Latest take on Vitara well-executed, tech-laden


There is often no obvious reason why some models in our fashionable but fickle compact SUV market are mega sales hits, while others that are just as worthy are largely ignored.
A couple of recent Suzuki models are good examples of this. One is the S-Cross, an SUVstyled hatch offered inboth 2WD and 4WD forms that buyers haven’t snubbed. By contrast, they are totally smitten with the similar-sized new-generation Vitara launched here about nine months ago, which now outsells the S-Cross. There are two reasons for this. One it looks like an SUV, while the S-Cross is a hatch masquerading as an SUV but fools no-one. Secondly, the Vitara is a trusted name that’s been around our car market for over 25 years, as opposed to newbie S-Cross.
This latest take on the Vitara is well executed, packs plenty of modern technology and it’s the same price as the inferior S-Cross. Suzuki’s four-mode Allgrip drive system defaults to front-wheel drive, distributing power to the rear axle only when it detects wheel spin. Four-wheel drive is engaged by default when ‘‘snow’’ mode is engaged and is really handy when negotiating slippery road surfaces.
The five-strong model line-up has something to suit most buyers and their budgets. The entrylevel JLX 2WD five-speed manual retails for $27,990, plus an extra $2000 for the optional six-speed automatic. Throwing in the AWD Allgrip system nudges the price up to $32,990, the same price as the 2WD version of the flagship LTD model. For this road test, we sampled the $35,990 LTD in 4WD form.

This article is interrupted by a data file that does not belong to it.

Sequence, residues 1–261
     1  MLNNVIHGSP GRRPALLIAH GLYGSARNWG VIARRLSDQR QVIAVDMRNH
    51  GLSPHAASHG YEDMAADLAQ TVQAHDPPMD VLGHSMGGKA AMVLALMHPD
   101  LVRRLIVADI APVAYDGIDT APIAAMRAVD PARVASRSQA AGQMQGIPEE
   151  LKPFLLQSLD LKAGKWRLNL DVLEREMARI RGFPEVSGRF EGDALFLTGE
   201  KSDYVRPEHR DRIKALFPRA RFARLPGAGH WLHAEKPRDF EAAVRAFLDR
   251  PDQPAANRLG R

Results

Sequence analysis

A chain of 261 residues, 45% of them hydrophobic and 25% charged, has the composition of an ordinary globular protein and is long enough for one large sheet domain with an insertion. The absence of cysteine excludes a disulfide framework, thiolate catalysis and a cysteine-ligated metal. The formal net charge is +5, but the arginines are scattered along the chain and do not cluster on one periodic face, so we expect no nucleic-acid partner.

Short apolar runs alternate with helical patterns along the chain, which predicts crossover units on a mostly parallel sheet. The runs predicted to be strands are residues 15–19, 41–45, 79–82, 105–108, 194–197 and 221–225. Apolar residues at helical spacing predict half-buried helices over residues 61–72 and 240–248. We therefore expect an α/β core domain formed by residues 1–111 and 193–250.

The Vitara shares the same 86kW 1.6-litre motor used in the S-Cross hatch. In essence, it’s a de-tuned version of the delightful 100kW motor that works so brilliantly in the outstanding Suzuki Swift Sport hatch. On paper, the power downgrade seems sizeable, but enough grunt remains to keep the Vitara competitive. The 1.6-litre motor in the test vehicle was as smooth as any I have driven in this class.
The Vitara is thankfully spared the droning CVT automatic used in the S-Cross. Instead, its career has been launched with a new crisp six-speed automatic that really knows how to get the motor working in its sweet spot, something the CVT in the S-Cross never really achieved.
Passenger space is fairly generous for a vehicle of this size, although headroom is on the snug side for taller backseat passengers. The rear cargo hatch with its high floor area is smallish, although there is a bit of flexibility around how you configure the area thanks to a 60:40 split folding rear seat.
All Vitaras come with cruise control and speed limiter, 7-inch touchscreen display with voice actuated audio navigation system, smartphone connectivity, hands-free connectivity and reversing camera. Extra equipment exclusive to the LTD includes an electric glass sunroof with one of the largest openings in its class, keyless entry with push-button start and six-speaker audio system.
Handling is solid even on ropey road surfaces.
The extra ground clearance does mean some body lean if you up the tempo when driving over undulating terrain.
Unlike it predecessors, its suspension has suppleness along with bump-absorbing abilities that put it in a whole new league.